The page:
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A birthday and a visit

Lucio Rossi, Deputy Department Head (Technology) shows DG Motojima the junction of two conductors whose braze (a metal alloy welded joint) failed in the September 2008 experiment. © CERN (Click to view larger version...)
Lucio Rossi, Deputy Department Head (Technology) shows DG Motojima the junction of two conductors whose braze (a metal alloy welded joint) failed in the September 2008 experiment. © CERN
Robert Aymar, who headed the ITER Project from 1994 to 2004 and was Director-General of CERN from 2004 to 2008, turned 75 last March. As is traditional at CERN, a celebration was organized in his honour.

Several speakers, CEA Chairman Bernard Bigot, former Director of JET Jean Jacquinot and among them, were invited to retrace the career of the prominent physicist.

Aymar's birthday celebration was also the occasion for CERN to invite ITER Director-General Osamu Motojima to visit the installation for the first time.

CERN and ITER have a lot in common. Both are international collaborations with staff from more than 30 countries; both have faced significant cost increases and have had to implement stringent cost-containment policies; and both are pioneering challenging new technologies, for example in the field of cryogenics.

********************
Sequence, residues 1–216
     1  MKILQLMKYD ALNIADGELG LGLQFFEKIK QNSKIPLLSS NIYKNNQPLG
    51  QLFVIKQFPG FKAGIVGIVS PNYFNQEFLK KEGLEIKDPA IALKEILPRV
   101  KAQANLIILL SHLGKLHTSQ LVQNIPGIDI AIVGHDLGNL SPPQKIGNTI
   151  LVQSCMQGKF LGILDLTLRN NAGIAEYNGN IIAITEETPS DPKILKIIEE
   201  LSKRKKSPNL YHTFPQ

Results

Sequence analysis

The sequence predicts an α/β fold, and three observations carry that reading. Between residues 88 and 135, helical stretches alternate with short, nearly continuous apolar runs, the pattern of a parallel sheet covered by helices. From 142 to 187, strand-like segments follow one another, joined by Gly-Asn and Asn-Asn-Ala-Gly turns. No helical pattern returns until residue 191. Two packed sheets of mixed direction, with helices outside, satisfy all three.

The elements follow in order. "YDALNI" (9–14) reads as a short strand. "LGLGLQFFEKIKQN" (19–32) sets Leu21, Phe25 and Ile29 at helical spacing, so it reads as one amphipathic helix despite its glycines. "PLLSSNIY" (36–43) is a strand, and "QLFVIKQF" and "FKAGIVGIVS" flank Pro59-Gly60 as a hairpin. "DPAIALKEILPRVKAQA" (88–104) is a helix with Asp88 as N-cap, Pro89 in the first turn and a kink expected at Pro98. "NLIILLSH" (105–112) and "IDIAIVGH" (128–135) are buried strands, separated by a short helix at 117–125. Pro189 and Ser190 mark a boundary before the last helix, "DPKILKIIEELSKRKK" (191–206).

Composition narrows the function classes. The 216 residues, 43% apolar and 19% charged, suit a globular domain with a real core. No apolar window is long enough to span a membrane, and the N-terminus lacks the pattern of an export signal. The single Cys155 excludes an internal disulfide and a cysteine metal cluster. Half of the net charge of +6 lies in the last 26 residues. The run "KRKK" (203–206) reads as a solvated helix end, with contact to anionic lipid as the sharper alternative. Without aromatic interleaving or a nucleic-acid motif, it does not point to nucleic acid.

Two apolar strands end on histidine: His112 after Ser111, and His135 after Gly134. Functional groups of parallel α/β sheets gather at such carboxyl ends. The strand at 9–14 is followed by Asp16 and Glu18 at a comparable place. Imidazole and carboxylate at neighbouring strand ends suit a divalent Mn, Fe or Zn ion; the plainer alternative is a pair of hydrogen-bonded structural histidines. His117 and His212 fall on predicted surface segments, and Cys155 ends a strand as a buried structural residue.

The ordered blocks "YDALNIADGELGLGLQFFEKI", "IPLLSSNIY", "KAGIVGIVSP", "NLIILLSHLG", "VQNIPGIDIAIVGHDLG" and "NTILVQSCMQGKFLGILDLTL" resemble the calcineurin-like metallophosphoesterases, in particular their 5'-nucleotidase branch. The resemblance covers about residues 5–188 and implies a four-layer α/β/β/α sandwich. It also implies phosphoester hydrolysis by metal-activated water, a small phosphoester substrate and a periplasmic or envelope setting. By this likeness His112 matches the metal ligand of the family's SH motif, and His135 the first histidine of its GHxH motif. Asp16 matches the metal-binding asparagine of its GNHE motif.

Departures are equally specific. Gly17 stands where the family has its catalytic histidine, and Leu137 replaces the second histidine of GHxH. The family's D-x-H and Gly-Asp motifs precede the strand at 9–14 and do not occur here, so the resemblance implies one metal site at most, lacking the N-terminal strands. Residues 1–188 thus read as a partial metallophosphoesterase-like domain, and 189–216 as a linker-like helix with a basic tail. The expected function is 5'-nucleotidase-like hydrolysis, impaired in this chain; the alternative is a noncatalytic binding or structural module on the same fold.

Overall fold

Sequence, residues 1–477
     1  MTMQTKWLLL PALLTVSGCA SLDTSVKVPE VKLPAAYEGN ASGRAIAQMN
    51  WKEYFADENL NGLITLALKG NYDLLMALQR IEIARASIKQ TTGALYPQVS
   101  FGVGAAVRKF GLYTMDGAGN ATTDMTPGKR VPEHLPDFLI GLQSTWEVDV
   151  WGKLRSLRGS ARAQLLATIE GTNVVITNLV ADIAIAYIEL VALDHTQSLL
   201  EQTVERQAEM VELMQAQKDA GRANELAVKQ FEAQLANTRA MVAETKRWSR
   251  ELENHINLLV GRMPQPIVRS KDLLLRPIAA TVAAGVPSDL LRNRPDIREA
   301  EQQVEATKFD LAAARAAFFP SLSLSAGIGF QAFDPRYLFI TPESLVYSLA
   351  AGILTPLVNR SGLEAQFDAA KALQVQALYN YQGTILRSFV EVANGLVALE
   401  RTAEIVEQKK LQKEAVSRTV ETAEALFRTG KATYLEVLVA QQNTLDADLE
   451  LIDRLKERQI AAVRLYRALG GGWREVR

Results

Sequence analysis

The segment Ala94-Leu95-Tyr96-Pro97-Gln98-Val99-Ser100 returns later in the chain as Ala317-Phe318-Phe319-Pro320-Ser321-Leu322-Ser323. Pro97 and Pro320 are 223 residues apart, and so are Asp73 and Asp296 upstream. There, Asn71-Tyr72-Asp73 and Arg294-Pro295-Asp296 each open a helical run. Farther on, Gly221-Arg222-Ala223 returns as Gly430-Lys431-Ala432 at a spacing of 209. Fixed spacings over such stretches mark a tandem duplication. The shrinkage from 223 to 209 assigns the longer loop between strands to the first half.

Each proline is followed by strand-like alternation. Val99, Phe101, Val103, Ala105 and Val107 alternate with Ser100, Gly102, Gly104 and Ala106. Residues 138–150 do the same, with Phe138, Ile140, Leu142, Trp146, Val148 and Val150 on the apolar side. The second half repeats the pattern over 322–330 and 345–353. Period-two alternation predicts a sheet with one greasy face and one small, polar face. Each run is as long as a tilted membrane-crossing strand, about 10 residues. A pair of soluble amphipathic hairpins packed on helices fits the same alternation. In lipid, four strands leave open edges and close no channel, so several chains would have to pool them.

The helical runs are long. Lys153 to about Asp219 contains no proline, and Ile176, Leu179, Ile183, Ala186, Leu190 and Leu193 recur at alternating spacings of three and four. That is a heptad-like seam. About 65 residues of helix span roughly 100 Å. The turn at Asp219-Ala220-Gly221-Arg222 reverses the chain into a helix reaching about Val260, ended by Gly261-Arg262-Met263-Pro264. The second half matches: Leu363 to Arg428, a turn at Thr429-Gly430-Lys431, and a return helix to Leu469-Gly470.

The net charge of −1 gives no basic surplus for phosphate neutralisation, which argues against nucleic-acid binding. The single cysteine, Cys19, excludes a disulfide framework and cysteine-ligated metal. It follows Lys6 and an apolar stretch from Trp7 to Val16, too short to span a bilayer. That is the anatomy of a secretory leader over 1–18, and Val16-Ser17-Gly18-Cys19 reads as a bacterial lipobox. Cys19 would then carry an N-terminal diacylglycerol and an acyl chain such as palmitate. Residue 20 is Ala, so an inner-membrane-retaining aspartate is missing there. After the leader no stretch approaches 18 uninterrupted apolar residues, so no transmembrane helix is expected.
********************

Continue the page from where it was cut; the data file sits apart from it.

"There is a feeling of great excitement here," says Jacquinot who accompanied Director-General Motojima in his visit. "A sense of imminent discovery permeates the atmosphere; you can see it in people's eyes."

CERN is presently engaged in the quest of the "Higgs boson," a fundamental particle inferred from theory but that has yet to be observed.

Collaboration between the European institution and the world of fusion goes back a long way: CERN cryogenics owes a lot to developments in Tore Supra, and ITER is benefitting from numerous feedbacks from CERN experience in large superconducting coils.

CERN Council President Michel Spiro confided to the ITER visitors that CERN is contemplating fitting the Large Hadron Collider (LHC) with ITER-like niobium-tin superconducting coils. "Collaboration up to now," he said, "has been vital for both our institutions. It will be even more essential in the years to come."


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